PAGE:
FBI releases photo of Leahy anthrax letter
By Kate Snow
WASHINGTON (CNN) -- The FBI on Saturday released a photograph of a letter suspected of containing anthrax that was addressed to Sen. Patrick Leahy, D-Vermont. The letter, which preliminarily tested positive for anthrax, looks similar to anthrax-tainted letters sent to Senate Majority Leader Tom Daschle and NBC News anchor Tom Brokaw.
Two Senate office buildings were to be closed Saturday for more anthrax testing, officials said: the Russell Senate Office Building where Leahy works, and the nearby Dirksen Senate Office Building.
"We felt it was in the best interest of everyone to close these buildings down in order to allow the teams to come in and conduct environmental sampling to see if there was traces of anthrax elsewhere in these buildings," said Lt. Dan Nichols of the U.S. Capitol Police.
"We feel very confident that there will be no incident of disease from this exposure," said Dr. Greg Martin, U.S. Navy's infectious disease physician.
The letter was found by hazardous materials experts sorting through 250 barrels of quarantined mail at a facility in Virginia. The letter was postmarked from Trenton, New Jersey, on October 9 -- the same day the Daschle letter was mailed from that city. The Brokaw letter was postmarked from Trenton on September 18.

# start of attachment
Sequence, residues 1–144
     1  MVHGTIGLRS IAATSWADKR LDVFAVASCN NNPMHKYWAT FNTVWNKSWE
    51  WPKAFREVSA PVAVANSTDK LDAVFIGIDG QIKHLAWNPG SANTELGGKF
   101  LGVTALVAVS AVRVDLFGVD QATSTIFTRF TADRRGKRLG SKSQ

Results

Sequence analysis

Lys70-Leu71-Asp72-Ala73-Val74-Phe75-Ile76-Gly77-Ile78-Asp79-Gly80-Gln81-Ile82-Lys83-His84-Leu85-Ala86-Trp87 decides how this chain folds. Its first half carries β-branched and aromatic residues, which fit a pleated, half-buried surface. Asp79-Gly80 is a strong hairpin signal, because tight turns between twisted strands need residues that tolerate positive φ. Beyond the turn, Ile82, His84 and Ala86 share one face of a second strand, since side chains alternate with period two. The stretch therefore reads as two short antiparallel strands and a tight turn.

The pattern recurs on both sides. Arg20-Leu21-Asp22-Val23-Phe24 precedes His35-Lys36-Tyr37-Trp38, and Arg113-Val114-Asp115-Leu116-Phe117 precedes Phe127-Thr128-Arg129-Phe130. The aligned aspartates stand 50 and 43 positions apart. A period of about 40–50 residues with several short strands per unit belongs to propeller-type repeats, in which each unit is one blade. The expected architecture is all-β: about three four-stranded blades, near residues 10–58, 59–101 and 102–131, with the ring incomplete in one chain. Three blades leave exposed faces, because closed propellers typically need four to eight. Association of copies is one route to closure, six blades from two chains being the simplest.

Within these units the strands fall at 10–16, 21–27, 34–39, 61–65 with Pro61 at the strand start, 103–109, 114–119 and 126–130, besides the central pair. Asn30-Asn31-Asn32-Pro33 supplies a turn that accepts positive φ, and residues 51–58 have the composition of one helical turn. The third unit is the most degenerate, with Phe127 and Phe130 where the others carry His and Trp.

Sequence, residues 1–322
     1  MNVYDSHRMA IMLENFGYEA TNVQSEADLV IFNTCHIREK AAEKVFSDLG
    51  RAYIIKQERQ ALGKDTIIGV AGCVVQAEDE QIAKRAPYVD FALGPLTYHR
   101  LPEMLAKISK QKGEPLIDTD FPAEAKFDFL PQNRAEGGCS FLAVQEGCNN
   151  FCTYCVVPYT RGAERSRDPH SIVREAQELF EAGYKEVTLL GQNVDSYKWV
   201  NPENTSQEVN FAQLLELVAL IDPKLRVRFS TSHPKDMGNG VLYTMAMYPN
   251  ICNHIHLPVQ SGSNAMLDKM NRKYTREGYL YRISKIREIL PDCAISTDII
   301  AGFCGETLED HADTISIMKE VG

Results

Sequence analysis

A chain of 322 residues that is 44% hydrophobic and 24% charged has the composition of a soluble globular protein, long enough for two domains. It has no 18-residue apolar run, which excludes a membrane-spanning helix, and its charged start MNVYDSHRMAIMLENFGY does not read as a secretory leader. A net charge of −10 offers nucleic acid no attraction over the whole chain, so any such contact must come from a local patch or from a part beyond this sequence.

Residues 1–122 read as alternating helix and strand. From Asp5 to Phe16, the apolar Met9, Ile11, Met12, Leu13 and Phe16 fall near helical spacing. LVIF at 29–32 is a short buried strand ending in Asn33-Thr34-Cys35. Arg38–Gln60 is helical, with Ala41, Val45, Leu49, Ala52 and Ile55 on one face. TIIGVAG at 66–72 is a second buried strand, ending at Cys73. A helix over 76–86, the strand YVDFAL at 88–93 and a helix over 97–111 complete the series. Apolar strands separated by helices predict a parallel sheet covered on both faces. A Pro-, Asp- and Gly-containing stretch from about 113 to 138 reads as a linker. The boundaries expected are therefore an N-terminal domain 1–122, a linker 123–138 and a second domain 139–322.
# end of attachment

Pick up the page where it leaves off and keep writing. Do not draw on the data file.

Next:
The FBI said the results of the first round of testing on the Leahy letter came back "presumptive positive" for anthrax.
"Further testing will be conducted in an effort to confirm the presence of anthrax and examine its contents to compare it with that found in other letters," the FBI said in a statement.
The statement said the letter, which has not been opened, "appears ... in every respect to be similar to the other anthrax-laced letters."
Two Senate sources told CNN the handwriting on the letter also was similar to the block-style writing on the Daschle and Brokaw letters.
Leahy said he was informed immediately about the discovery by FBI Director Robert Mueller.
"This is a law enforcement matter and I will leave it to the proper authorities to report what they know and the procedures they are taking," the senator said in a statement. "I am confident they are taking the appropriate steps and that eventually they will find this person."
Leahy said everyone in his office feels fine.
The bulk mail barrels in which the letter was found had been quarantined after the discovery of an anthrax-laden letter sent to Daschle, which was opened on October 15 by one of his staffers in the Hart Senate Office Building.
The letters being held at the facility in Virginia had not been decontaminated on FBI orders, who wanted to keep the letters in their original state so they could be used as evidence in a court case.
When that Daschle letter was first discovered, authorities gathered all mail in all Senate offices and quarantined it for further investigation. Leahy's office is in the Russell Senate Office Building, which was closed after the Daschle letter was found. The building was reopened when spot checks for anthrax turned up negative. The Hart building remains closed for decontamination after several anthrax "hot spots" were found there.
Leahy, who serves as chairman of the Senate Judiciary Committee, said officials have taken the appropriate steps.
"Our Senate leaders and officers did the right thing in isolating the Senate's mail, and my staff and I appreciate all that is being done to resolve this threat," he said in his statement.
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